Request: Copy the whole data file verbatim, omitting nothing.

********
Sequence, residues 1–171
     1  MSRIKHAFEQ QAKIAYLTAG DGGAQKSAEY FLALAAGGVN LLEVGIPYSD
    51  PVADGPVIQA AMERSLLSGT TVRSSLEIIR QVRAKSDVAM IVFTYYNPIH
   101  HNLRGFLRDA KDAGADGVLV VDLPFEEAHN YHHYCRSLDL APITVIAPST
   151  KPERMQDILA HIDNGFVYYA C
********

Sequence, residues 1–171
     1  MSRIKHAFEQ QAKIAYLTAG DGGAQKSAEY FLALAAGGVN LLEVGIPYSD
    51  PVADGPVIQA AMERSLLSGT TVRSSLEIIR QVRAKSDVAM IVFTYYNPIH
   101  HNLRGFLRDA KDAGADGVLV VDLPFEEAHN YHHYCRSLDL APITVIAPST
   151  KPERMQDILA HIDNGFVYYA C